dunning t & alford f (2009) Journal of Nursing and Healthcare of Chronic Illness1, 139–146
Pituitary disease – perspectives of patients and partnersAim.
To explore experiences of pituitary disease of people with pituitary disease (PD) and their partners (PT).Background.
Pituitary disease encompasses a range of hormonal abnormalities that produce a variety of signs and symptoms depending on the underlying cause.Design.
A triangulated exploratory study.Methods.
The study was conducted in three phases: (a) non-participant monitoring of an Internet pituitary chat room over four months; (b) in-depth structured interviews with PD attending a pituitary outpatient clinic (n = 8) and PT (n = 6), (c) focus groups (n = 12). Data were collected in 2005.Results.
Four themes emerged from the discussion in each phase: ‘need to be normal’, ‘emotional merry-go-round’, ‘damage to the self’, and ‘doctor ignorance’. Symptoms of pituitary disease were often mistaken for sinusitis, ‘getting old before my time’, hypochondria, stress, and ‘something sinister changing the way I look’. Time to diagnosis varied from four weeks to 15 years. PD felt included in decision-making but partners relied on PD for information. Body image changes were significant making PD feel like a ‘freak show for medical students’ and the emotional distress persisted after treatment and ‘cure’. The word ‘tumour’ caused significant stress and anxiety and depression was common. PD and PT felt general practitioners (GP) lacked information about pituitary disease.Conclusions.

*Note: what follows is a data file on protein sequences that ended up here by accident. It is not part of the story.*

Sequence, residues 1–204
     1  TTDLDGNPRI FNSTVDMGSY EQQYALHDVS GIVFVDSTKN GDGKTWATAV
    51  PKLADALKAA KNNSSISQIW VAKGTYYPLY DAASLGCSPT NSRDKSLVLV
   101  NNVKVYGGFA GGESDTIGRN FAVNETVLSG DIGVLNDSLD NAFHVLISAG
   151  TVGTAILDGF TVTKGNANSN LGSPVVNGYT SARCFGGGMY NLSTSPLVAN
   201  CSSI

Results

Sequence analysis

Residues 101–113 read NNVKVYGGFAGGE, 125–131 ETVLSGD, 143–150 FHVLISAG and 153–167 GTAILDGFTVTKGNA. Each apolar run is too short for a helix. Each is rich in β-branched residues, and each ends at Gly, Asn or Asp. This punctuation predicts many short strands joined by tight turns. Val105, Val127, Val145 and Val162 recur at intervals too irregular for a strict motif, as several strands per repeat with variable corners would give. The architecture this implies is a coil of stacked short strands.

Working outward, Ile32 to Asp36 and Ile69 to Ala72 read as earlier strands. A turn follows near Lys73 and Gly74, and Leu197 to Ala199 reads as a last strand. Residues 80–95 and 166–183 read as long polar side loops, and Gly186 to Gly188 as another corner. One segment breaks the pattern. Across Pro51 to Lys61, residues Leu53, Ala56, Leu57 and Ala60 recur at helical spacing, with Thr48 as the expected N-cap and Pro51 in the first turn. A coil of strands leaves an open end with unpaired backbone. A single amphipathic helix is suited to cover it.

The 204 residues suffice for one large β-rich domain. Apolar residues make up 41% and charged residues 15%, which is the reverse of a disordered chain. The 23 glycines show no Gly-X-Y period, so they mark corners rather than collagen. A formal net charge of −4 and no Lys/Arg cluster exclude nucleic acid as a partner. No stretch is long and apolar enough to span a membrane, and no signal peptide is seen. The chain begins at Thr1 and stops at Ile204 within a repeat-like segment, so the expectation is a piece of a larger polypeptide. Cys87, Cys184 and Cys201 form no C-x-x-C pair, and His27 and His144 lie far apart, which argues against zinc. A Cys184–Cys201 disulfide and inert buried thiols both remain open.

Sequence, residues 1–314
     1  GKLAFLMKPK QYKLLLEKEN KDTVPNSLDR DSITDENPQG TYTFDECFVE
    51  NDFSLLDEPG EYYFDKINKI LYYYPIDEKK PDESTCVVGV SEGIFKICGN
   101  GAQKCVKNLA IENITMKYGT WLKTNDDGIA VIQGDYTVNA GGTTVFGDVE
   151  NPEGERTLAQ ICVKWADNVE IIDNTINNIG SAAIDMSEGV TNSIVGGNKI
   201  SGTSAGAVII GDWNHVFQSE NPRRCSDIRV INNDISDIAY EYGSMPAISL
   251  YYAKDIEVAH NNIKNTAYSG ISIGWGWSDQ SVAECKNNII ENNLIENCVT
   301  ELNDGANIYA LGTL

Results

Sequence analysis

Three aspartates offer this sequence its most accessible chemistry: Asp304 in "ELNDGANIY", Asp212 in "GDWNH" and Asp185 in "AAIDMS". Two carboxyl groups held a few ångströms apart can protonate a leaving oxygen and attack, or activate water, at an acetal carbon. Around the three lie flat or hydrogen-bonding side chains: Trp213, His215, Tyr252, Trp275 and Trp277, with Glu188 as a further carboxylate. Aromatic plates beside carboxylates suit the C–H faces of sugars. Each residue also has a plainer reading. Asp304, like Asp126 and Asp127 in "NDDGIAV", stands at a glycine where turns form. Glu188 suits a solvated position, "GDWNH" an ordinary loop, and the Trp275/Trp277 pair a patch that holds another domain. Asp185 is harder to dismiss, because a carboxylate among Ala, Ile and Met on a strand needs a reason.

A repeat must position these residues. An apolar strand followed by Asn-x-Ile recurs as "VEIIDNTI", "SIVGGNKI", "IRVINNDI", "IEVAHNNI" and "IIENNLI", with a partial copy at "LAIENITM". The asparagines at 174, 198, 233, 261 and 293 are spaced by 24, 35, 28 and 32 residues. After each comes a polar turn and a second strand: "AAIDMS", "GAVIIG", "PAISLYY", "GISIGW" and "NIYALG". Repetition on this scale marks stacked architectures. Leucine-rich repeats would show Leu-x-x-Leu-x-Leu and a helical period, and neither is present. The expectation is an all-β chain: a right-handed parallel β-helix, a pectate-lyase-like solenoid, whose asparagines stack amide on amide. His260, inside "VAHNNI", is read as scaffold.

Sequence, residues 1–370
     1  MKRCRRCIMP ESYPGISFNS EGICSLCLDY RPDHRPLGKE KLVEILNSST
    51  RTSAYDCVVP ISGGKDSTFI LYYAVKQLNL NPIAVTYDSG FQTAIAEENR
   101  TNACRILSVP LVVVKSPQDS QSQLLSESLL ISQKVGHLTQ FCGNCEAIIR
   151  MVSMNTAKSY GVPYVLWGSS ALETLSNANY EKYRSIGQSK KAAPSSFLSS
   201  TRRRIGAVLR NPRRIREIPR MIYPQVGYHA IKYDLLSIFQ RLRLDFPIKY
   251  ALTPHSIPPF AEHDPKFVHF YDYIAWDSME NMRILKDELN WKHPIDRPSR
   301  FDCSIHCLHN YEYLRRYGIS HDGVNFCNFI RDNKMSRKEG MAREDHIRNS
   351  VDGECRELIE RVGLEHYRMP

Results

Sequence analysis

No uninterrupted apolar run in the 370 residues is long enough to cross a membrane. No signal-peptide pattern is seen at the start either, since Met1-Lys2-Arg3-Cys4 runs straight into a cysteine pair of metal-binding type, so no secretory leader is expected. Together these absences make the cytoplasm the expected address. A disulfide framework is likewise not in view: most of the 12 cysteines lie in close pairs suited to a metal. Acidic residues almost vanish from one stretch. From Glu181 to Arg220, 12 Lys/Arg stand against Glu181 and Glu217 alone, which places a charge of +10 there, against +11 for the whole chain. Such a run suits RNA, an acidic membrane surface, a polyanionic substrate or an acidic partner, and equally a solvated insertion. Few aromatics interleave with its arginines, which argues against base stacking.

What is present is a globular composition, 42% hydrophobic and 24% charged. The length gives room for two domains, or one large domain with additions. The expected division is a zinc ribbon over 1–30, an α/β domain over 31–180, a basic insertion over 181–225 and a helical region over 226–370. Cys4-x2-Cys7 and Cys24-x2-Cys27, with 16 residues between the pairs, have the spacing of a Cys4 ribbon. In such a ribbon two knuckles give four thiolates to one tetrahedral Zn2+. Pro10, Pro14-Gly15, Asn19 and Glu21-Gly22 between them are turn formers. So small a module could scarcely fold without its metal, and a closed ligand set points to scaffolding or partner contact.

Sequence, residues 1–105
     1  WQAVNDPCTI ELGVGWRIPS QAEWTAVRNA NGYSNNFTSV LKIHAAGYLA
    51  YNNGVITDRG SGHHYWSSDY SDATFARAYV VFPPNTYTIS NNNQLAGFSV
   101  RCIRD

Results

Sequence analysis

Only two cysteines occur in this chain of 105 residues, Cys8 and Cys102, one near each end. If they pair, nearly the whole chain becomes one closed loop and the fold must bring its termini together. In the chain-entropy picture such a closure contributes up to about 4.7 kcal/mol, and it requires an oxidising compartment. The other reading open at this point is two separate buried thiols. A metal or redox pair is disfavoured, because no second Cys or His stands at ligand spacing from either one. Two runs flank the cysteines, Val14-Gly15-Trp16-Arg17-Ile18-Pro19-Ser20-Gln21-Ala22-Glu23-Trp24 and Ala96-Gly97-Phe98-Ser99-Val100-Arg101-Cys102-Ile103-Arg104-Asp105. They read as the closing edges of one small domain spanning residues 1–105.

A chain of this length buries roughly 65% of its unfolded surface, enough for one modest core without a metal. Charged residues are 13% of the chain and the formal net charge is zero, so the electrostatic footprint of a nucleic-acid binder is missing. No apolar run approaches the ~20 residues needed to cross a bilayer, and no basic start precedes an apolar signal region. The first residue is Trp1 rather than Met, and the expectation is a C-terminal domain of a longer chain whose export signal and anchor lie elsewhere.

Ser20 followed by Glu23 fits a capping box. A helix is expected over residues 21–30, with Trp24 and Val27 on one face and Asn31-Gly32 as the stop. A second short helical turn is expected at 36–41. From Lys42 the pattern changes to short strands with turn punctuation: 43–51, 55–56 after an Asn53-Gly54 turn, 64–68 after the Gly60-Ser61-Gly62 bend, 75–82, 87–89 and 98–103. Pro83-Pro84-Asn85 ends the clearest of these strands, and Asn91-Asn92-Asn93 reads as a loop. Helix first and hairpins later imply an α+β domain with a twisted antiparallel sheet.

Pituitary disease has a major impact on psychological well-being. PD but not PT felt involved in decisions about their management. GPs may need more education about pituitary disease. The study adds important information about the emotional effects of pituitary disease and its treatment.Relevance to clinical practice.
Pituitary disease is a generic term encompassing a range of underlying disease processes that often produce vague symptoms, often attributed to other causes, which delays diagnosis and treatment. Pituitary disease has a significant under recognised impact on people's mental and physical wellbeing and self-concept. Although the underlying hormonal imbalances associated with pituitary disease are largely reversible (cured), emotional distress persists. Regular monitoring of emotional wellbeing as well as medical and hormone status is warranted.